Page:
At the time of admission to the ICU, her body temperature was elevated (40[degrees]C) and she was hypotensive. She developed shock with multiorgan failure; her SOFA (Sequential Organ Failure Assessment) score at admission was 13. A laboratory examination showed an elevated procalcitonin level (1.93 ng/mL). Because of her persistent hypoglycemia and elevated procalcitonin and lactate levels, septic shock was suspected. Endotracheal intubation was performed, and the administration of an antidiuretic hormone and a steroid was initiated to maintain her blood pressure. Meropenem was empirically started. Because of her hemodynamic instability, veno-atrial ECMO was initiated 14 hours after her admission to the ICU (Figure 2).

She responded quickly to the veno-atrial ECMO, enabling the administration of the vasopressor agents to be stopped. Haemophilus influenzae was detected in a sputum culture taken at the time of hospitalization, but no bacterial species were found in her blood; consequently, her antibiotics prescription was changed to ceftriaxone on the 3rd day after the initiation of veno-atrial ECMO. Her cardiac function recovered along with an improvement in her inflammatory response, and veno-atrial ECMO was discontinued on the 8th day (Table 1). She was transferred to a rehabilitation hospital without any complications on the 34th day.

Discussion

We identified two important clinical issues. When a patient with sepsis-triggered Takotsubo cardiomyopathy develops shock, it is difficult to distinguish cardiogenic shock from septic shock. In such situations, veno-atrial ECMO can be a useful treatment option.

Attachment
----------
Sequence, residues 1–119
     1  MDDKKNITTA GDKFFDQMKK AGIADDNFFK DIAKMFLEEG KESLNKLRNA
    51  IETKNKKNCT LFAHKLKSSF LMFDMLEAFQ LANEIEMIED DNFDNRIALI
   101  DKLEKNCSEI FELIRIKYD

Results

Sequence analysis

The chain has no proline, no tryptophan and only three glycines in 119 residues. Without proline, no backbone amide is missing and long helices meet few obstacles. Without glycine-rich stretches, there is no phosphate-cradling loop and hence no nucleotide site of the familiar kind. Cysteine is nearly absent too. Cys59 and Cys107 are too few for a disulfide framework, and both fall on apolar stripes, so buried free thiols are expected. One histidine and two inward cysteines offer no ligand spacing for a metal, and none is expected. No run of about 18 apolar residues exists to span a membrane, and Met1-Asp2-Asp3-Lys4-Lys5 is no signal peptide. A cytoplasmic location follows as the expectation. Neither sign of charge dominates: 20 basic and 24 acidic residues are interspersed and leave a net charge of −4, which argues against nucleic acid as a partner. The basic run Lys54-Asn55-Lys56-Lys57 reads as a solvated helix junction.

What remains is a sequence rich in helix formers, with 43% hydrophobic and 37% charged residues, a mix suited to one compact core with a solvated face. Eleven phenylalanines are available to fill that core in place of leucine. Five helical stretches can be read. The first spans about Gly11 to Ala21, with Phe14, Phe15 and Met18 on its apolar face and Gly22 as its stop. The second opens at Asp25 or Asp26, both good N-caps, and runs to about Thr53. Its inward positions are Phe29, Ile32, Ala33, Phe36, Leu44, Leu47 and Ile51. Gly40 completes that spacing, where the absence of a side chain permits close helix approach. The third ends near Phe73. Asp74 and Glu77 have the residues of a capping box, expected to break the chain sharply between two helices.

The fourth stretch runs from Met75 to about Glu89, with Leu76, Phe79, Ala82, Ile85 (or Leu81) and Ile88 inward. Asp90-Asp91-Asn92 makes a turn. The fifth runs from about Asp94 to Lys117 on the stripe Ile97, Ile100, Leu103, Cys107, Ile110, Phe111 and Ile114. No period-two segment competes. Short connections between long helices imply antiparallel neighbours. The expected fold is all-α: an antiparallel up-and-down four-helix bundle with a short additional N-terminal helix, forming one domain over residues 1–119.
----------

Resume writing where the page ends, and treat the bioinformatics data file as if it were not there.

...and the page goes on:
First, cardiogenic shock is difficult to distinguish from septic shock in patients with sepsis-triggered Takotsubo cardiomyopathy. Although the procalcitonin level is recognized as a specific marker of infection, an elevated procalcitonin level of greater than 2 ng/mL is frequently observed in cardiogenic shock patients with multiorgan failure. A cutoff concentration of 10 ng/mL is reportedly appropriate for the diagnosis of a complicating systemic infection (1). In patients with Takotsubo cardiomyopathy and a background of infectious disease, the procalcitonin level is likely to be relatively high; therefore, it might not be useful for distinguishing cardiogenic shock from septic shock.

Because few reports describing sepsis-triggered Takotsubo cardiomyopathy are available, the clinical manifestations of severe cases remain relatively unknown. A systematic review of sepsis triggered-Takotsubo cardiomyopathy identified 23 papers reporting a total of 26 patients including 3 patients with shock (2). One was diagnosed as having cardiogenic shock based on findings obtained using a pulmonary artery catheter but the other two were diagnosed based on their clinical course. In the present case, the patient was diagnosed as having cardiogenic shock, rather than septic shock, based on her clinical course, since her hemodynamic status improved immediately after the initiation of veno-atrial ECMO.